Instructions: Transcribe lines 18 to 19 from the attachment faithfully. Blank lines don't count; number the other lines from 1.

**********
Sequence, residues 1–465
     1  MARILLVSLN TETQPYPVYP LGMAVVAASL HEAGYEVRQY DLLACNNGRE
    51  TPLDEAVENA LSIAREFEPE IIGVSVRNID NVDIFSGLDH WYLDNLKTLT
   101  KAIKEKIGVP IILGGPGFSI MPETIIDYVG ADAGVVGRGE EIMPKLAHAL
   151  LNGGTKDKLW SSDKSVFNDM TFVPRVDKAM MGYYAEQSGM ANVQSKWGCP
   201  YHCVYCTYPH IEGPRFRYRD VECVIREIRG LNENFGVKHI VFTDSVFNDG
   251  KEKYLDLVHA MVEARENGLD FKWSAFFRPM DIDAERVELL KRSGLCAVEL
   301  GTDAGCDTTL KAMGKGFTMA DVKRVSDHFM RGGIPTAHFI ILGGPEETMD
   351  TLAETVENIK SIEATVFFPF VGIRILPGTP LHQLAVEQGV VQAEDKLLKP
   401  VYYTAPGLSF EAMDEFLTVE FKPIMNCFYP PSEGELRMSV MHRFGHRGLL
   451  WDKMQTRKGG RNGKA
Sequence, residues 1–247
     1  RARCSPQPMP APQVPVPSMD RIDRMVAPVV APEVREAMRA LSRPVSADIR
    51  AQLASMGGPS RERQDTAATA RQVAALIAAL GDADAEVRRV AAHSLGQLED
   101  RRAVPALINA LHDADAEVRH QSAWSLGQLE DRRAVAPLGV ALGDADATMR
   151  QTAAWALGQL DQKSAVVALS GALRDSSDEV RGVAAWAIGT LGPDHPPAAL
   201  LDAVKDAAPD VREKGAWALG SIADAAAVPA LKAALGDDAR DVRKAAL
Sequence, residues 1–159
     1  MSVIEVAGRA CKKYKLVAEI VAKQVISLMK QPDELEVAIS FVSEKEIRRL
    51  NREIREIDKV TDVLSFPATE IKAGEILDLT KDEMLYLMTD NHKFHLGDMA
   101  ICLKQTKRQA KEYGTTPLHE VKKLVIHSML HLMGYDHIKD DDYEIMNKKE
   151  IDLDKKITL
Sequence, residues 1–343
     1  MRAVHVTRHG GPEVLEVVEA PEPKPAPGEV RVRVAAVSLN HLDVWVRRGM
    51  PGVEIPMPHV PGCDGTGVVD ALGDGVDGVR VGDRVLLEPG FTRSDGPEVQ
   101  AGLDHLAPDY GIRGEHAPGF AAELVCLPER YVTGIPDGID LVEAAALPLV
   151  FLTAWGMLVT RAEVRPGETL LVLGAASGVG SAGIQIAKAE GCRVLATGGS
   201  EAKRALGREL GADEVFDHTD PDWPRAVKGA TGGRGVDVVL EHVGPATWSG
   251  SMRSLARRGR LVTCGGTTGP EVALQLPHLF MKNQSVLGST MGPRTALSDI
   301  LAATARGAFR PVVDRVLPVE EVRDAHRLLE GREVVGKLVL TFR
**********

Sequence, residues 1–159
     1  MSVIEVAGRA CKKYKLVAEI VAKQVISLMK QPDELEVAIS FVSEKEIRRL